Interfacing PS2 Wireless Controller With Arduino

The PS2 wireless controller is a standard controller for the PlayStation 2 and is identical to the original DualShock controller for the PlayStation console. It features twelve analog (pressure-sensitive) buttons ( Χ, O, Π, Δ, L1, R1, L2, R2, Up, Down, Left and Right), five digital button (L3, R3 Start, Select and the analog mode button) and two analog sticks. The controller also features two vibration motors, the left one being larger and more powerful than the one on the right. It is powered by two AAA batteries. It communicates with the console using 2.4 GHz RF protocol.

PS2 Receiver Pin Out:

  1. DATA: This is the data line from Controller to PS2. This is an open collector output and requires a pull-up resistor (1 to 10k, maybe more). (A pull-up resistor is needed because the controller can only connect this line to ground; it can’t actually put voltage on the line).
  2. COMMAND: This is the data line from PS2 to Controller.
  4. GND: Ground
  5. VCC: VCC can vary from 5V down to 3V .
  6. ATT: ATT is used to get the attention of the controller. This line must be pulled low before each group of bytes is sent / received, and then set high again afterwards. This pin consider as “Chip Select” or “Slave Select” line that is used to address different controllers on the same bus.
  7. CLK: 500kH/z, normally high on. The communication appears to be SPI bus.
  8. Not Connected
  9. ACK: Acknowledge signal from Controller to PS2. This normally high line drops low about 12us after each byte for half a clock cycle, but not after the last bit in a set. This is a open collector output and requires a pull-up resistor (1 to 10k, maybe more).

PS2 Signals:

PS2 wireless controller communicates with Arduino using a protocol that is basically SPI. The play station sends a byte at the same time as it receives one (full duplex) via serial communication. There’s a clock (SCK) to synchronize bits of data across two channels: DATA and CMD. Additionally, there’s a “Attention” (ATT) channel which tells the slave whether or not it is “active” and should listen to data bits coming across the CMD channel, or send data bits across the DATA channel (Reasonably, only one slave device should be active at a time) . The PlayStation 2 actually uses this plus an additional line that is not specifically part of the SPI protocol – an “Acknowledge” (ACK) line.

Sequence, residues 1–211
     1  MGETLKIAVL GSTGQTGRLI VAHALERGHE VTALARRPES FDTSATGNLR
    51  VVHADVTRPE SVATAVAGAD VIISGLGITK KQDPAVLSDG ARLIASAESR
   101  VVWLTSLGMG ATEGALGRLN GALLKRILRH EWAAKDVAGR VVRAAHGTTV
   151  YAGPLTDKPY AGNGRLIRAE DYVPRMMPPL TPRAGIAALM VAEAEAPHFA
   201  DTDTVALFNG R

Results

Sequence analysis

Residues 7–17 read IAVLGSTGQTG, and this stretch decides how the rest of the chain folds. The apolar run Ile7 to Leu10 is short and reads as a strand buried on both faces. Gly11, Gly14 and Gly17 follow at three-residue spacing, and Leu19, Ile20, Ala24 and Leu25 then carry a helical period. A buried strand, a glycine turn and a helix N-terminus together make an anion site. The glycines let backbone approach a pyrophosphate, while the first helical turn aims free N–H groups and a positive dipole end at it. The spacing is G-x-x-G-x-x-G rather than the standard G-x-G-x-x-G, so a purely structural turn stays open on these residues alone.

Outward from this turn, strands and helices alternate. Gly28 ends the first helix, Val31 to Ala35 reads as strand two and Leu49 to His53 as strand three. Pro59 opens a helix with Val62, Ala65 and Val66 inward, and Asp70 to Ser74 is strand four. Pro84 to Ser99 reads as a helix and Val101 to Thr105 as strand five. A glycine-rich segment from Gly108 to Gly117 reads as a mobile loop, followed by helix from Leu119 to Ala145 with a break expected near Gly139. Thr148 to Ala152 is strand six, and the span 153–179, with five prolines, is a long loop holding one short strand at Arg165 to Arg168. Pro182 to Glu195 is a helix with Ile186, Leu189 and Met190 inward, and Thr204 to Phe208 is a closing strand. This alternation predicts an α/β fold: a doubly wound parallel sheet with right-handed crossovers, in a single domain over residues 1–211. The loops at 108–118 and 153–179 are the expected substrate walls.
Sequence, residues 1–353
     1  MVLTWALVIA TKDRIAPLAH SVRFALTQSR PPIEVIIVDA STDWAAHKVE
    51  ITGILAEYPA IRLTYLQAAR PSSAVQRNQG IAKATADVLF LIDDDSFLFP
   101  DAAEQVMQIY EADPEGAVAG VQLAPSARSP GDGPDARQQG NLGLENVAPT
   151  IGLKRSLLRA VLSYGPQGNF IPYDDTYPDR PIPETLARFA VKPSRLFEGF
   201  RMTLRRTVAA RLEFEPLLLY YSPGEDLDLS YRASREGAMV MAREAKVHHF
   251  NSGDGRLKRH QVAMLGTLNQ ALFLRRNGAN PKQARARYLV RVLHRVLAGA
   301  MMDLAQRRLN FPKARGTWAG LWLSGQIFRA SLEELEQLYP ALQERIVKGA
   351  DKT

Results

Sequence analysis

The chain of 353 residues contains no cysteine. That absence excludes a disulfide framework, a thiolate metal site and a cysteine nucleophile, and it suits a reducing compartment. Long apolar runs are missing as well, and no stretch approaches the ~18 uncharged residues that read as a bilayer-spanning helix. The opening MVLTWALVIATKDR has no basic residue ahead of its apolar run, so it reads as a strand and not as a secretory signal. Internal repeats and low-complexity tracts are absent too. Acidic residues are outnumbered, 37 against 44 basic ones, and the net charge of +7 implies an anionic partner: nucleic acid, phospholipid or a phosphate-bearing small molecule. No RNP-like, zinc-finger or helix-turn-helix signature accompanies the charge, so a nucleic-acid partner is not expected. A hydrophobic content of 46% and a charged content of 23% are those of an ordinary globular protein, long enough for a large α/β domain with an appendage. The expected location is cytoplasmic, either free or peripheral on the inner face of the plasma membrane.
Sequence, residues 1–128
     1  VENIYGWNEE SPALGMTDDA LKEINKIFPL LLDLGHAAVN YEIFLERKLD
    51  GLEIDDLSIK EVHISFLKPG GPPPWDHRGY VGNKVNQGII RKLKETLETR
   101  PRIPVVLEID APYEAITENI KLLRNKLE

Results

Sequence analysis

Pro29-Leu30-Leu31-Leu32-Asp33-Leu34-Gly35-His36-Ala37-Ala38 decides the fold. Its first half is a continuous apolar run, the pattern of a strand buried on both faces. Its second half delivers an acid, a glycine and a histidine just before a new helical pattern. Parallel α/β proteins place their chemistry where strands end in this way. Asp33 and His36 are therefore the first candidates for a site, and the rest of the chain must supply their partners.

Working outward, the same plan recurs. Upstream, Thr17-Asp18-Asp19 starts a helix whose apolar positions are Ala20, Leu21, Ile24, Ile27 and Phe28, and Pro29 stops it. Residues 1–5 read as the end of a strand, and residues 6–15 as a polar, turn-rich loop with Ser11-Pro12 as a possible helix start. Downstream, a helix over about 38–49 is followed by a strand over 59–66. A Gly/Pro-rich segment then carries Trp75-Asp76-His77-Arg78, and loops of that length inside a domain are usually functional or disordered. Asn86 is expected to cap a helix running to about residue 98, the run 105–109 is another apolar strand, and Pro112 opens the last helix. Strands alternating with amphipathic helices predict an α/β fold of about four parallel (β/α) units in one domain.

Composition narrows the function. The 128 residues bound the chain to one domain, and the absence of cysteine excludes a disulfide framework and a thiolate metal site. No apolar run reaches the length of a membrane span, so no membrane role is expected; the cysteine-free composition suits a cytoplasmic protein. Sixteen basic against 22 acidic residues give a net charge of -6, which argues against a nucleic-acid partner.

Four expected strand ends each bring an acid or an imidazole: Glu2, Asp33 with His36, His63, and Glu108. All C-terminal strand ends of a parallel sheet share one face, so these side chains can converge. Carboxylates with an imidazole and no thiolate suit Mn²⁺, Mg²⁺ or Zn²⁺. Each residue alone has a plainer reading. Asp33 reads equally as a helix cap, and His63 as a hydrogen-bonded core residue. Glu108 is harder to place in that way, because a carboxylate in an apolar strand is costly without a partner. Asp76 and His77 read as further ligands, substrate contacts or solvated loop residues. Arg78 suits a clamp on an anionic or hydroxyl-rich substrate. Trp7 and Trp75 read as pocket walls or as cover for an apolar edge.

The clock is held high until a byte is to be sent. It then drops low (active low) to start 8 cycles during which data is simultaneously sent and received. The logic level on the data lines is changed by the transmitting device on the falling edge of clock. This is then read by the receiving device on the rising edge allowing time for the signal to settle. After each Command is received from the controller, that controller needs to pull ACK low for at least one clock cycle. If a selected controller does not ACK the PS2 will assume that there is no controller present. LSBs (least significant bits) are transmitting first.

Sample Project: Interfacing the PS2 Wireless Controller with Arduino

Connection Diagram

Here we have interfaced the PS2 Wireless Controller with an Arduino. Upon each button press the Arduino receives the RF signal on the PS2 receiver and displays the it on the alphanumeric LCD module. We followed the standard PS2 protocol for realizing the communication algorithm, identical to the SPI protocol. Our program on the arduino detects and reads the button presses only, pressure values are not read. Analog stick state values are continuously displayed on the LCD module.

Connection Details:

The PS2 receiver CLK line and ATT lines are held normally high. The  ATT operates like the Slave Select line under SPI. You pull it low to tell the controller you are talking to it and then send it back high once a communications cycle is complete. CMD is the data line to the controller and DATA is the data coming from the controller. Here in our application we are not using the acknowledge pin.

Well that was so much until here, so here it is the photograph of what we actually did with that really awesome PS2 controller and the project code run on Arduino:

Arduino Code:

We have used the PS2 library for Arduino from which can be downloaded from the github link provided at the bottom of this page. was also helpful in our project.


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